Prosody, or intonation, is a critically important component of spoken communication. The automatic extraction of prosodic information is necessary for machines to process speech with human levels of proficiency. In this thesis we describe work on the automatic detection and classification of prosodic events—specifically, pitch accents and prosodic phrase boundaries. We present novel techniques, feature representations and state of the art performance in each of these tasks. We also present three proof-of-concept applications—speech summarization, story segmentation and non-native speech assessment—showing that access to hypothesized prosodic event information can be used to improve the performance of downstream spoken language processing tasks. We believe the contributions of this thesis advance the understanding of prosodic events and the use of prosody in spoken language processing towards the goal of human-like processing of speech by machines.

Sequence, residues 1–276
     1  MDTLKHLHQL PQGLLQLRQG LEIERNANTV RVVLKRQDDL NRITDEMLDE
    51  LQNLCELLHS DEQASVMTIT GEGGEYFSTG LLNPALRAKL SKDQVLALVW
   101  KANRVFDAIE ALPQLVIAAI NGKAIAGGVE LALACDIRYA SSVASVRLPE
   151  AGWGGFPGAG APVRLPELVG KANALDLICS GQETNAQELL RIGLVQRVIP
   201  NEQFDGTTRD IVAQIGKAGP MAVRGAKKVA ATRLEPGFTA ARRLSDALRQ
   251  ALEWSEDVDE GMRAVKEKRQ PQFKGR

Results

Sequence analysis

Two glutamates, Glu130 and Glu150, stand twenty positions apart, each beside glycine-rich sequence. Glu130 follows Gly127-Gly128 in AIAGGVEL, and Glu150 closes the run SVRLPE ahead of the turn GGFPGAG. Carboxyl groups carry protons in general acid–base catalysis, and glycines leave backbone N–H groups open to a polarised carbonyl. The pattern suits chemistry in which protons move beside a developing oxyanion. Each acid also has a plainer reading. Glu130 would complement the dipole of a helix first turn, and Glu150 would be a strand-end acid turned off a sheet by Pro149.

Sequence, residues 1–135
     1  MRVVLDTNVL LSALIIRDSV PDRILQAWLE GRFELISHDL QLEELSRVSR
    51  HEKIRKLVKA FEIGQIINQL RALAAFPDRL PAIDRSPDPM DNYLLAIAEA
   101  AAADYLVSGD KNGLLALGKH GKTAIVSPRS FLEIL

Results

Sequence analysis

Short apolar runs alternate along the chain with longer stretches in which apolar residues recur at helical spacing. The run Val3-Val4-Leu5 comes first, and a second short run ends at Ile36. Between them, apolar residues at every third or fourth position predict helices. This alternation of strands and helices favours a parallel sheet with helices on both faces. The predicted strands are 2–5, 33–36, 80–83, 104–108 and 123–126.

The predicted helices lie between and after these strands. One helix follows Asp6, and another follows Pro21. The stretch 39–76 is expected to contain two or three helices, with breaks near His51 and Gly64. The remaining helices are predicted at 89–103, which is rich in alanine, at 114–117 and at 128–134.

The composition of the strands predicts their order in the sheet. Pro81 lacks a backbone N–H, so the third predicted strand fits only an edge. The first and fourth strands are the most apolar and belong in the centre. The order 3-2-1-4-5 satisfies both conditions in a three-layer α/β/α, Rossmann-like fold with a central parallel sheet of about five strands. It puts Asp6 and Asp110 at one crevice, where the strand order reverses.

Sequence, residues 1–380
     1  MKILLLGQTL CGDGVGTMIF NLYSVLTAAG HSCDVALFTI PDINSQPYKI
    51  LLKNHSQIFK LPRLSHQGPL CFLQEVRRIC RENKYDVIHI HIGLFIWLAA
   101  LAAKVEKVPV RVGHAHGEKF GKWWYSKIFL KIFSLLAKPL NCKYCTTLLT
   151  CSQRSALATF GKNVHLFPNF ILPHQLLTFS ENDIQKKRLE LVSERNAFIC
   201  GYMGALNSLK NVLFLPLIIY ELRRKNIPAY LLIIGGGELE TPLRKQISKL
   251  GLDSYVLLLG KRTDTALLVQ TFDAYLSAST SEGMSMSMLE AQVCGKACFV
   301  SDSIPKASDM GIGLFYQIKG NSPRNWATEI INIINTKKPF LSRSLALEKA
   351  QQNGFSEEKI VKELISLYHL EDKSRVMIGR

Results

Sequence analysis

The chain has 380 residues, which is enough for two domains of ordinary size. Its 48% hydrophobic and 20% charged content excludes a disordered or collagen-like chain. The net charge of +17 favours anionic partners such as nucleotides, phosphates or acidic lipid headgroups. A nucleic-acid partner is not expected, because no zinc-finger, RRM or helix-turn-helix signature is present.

|School Location:||United States -- New York|
|Source:||DAI-B 71/02, Dissertation Abstracts International|
|Keywords:||Automatic detection, Natural language processing, Prosodic events, Prosody|
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